Did Madam Lee have a natural affinity towards animals?
My mom was born in Kelantan, one of those quaint towns in Malaysia with very tight-knit communities. Because her childhood house was nestled near a forest, she was exposed to all sorts of wildlife animals. She was especially fascinated with foxes and even wanted one as a pet. My grandfather however opposed the idea of having a pet — he ran a coffeeshop, so he had to keep things clean. My mom always had a soft spot for animals, even rats and snakes. When the predators encroached into human territory, she always advocated sparing their lives and moving them back to their natural habitats where they could be safe.
It seems that Madam Lee had a gentleness when it came to animals. Was she like that as well as a mother?
She was extremely strict with me. She brought me up by wielding not one but two canes (laughs). But she had to. I was a mischievous kid. One time when I was four, I got off the pram and put my right arm under the escalator belt and got stuck. That earned me a dislocated arm. Many times, we would be watching television and I just had to pull the table runner and make a mess of things. My father left us when I was about eight years old. So, my mother was the only family I had.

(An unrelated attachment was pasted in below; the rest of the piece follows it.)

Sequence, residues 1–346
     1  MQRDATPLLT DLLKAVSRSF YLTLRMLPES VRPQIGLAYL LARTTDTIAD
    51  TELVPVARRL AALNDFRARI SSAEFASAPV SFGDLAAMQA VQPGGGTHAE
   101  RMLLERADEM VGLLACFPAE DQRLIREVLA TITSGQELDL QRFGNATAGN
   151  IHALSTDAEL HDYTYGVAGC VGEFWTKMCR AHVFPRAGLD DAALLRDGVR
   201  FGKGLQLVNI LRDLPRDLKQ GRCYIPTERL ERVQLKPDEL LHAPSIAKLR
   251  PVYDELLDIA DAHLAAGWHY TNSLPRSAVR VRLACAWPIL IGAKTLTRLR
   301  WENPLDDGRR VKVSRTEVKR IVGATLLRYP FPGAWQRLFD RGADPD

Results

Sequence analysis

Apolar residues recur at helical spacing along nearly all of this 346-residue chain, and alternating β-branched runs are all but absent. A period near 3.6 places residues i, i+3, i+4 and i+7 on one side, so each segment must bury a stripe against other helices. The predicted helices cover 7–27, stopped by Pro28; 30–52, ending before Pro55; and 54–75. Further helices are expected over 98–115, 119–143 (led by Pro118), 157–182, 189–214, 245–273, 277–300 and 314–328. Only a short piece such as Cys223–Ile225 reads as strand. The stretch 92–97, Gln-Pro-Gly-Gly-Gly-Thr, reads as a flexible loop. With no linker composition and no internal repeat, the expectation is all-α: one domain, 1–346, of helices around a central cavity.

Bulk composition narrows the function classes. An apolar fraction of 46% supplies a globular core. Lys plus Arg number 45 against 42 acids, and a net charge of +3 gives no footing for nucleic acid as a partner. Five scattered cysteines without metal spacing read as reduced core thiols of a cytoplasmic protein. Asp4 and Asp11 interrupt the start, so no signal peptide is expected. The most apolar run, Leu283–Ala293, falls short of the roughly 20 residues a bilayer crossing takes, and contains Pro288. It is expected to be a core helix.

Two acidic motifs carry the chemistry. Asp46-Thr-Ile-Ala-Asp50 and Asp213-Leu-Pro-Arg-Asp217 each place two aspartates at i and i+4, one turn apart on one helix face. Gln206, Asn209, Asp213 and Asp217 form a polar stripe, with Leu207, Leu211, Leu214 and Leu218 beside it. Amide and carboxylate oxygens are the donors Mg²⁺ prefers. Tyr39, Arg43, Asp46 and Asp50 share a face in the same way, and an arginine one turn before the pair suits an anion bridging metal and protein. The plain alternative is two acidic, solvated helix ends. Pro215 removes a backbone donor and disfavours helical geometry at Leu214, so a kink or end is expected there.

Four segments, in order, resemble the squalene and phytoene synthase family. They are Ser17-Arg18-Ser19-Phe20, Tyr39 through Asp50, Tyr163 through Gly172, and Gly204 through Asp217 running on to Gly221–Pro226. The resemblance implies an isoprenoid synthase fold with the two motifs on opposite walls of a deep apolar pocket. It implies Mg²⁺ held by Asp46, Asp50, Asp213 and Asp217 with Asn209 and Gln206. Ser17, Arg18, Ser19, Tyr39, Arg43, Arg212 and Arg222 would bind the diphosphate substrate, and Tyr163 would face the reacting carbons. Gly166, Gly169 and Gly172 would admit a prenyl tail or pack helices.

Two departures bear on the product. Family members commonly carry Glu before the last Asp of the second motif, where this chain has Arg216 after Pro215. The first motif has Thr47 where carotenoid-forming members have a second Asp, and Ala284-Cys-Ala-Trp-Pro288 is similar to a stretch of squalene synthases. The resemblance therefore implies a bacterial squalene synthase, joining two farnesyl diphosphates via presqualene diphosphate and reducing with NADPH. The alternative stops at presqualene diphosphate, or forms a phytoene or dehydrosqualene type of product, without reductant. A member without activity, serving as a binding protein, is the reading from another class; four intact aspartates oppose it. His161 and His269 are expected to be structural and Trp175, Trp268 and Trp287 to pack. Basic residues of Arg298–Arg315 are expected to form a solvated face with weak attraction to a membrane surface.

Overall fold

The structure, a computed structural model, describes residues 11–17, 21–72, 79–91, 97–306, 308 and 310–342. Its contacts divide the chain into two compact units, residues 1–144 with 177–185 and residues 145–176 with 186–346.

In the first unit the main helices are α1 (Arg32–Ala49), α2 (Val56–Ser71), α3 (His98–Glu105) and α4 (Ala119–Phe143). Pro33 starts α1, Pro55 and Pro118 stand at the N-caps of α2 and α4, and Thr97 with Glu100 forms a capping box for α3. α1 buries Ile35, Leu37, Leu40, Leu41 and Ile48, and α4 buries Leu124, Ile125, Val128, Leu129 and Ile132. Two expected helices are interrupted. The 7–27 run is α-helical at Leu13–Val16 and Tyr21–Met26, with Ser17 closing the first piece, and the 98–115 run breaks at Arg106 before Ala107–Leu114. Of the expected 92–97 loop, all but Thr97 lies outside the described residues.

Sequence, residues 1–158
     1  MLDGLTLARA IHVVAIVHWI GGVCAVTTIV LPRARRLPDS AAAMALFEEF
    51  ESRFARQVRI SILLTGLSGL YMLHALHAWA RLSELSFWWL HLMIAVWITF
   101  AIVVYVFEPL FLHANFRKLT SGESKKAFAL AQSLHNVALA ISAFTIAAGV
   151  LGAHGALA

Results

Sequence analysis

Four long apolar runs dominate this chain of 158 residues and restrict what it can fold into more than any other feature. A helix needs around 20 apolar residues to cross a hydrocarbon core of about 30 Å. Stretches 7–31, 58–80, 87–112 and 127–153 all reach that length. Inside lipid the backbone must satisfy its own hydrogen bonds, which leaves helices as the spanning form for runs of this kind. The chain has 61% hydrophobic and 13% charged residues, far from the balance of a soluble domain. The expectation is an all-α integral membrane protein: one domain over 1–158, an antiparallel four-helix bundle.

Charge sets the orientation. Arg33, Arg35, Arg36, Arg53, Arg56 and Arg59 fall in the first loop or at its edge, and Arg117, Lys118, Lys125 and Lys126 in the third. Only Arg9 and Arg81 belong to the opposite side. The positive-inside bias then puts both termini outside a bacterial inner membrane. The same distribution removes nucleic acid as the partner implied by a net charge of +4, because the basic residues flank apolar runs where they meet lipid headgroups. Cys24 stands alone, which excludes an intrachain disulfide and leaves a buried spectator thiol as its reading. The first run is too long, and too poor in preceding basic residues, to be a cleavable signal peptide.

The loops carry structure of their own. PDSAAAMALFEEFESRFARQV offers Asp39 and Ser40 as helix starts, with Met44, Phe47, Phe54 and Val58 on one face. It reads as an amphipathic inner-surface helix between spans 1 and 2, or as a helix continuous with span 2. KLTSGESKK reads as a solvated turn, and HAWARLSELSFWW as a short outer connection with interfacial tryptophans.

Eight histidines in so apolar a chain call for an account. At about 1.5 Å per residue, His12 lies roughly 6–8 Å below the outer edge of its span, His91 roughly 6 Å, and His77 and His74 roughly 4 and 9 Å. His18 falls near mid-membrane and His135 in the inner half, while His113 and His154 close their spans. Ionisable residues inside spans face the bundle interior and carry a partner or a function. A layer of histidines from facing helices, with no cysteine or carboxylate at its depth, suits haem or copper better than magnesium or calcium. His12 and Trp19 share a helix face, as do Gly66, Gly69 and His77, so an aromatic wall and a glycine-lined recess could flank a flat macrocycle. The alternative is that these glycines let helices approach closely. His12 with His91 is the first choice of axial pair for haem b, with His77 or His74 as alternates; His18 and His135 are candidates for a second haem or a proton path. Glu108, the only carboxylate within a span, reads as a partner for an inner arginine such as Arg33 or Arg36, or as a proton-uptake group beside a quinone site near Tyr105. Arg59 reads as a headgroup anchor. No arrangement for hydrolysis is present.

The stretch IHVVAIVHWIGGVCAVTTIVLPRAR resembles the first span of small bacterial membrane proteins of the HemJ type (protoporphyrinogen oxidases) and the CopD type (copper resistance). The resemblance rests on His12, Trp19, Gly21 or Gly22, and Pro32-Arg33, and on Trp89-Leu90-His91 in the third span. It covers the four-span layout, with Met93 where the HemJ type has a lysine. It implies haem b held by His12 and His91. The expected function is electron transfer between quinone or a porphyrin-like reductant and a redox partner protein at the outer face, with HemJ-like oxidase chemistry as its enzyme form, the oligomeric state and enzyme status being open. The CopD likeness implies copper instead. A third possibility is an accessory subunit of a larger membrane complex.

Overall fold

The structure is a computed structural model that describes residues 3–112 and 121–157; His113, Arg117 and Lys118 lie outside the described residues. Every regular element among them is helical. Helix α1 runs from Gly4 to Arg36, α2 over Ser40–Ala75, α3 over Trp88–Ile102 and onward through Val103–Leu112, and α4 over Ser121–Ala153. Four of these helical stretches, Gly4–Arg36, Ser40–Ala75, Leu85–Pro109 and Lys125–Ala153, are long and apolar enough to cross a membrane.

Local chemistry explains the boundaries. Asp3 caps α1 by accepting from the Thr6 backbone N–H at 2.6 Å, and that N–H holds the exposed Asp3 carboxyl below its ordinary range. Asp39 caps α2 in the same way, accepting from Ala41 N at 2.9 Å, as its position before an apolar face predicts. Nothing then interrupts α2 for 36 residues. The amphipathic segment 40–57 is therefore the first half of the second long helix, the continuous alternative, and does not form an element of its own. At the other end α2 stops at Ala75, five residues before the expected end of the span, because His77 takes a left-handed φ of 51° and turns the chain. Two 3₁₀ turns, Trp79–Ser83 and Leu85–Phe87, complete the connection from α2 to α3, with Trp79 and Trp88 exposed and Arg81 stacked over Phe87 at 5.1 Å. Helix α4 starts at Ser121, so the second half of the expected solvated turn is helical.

Dr Tan shared with me that she used to live the life of a privileged lady. But she felt that her days were filled with meaningless gossiping and socialising, and that she was wasting her life away. After she decided to change and find her purpose in life, she downsized our home to a three-room flat. Every day, cat fur and other allergens would trigger her status asthmaticus; one time a severe attack almost took her life. But she fought hard, because she had to live for her cats and dogs (and me), and thankfully she managed to pull through.
What an indomitable spirit, which I believe has rubbed off on you as well. Take us through a typical day at the shelter. What is the upkeep like?
During the weekdays, it’s mostly a one-man show. Round the clock, I have to keep the place maintained. There is a total of sixty-four cubicles across seven thousand square feet of space. Each round of full cleaning, from washing the walls to scrubbing the floor, takes about thirty minutes. The floors must be kept clean, and they must be dried after a wash, if not there is a risk of the cats getting a fungal infection. Then there’s the washing of food bowls and sheets, and disposal of their paper trays. These tasks are on top of having to feed the animals, medicate the sick ones, and also walk the dogs. It’s easily an eighteen-hour day.
When we first began, we had a few volunteers. But for over fifteen years, the running of the shelter fell squarely on my mother’s and my shoulders. After my mom passed away in 2019, I thought that I could no longer do it alone. So, I called a few ex-volunteers up and asked if they would be willing to help out. And they rallied to establish systems. Genine Loo and Fiona Yuen, for example, help with the administrative matters.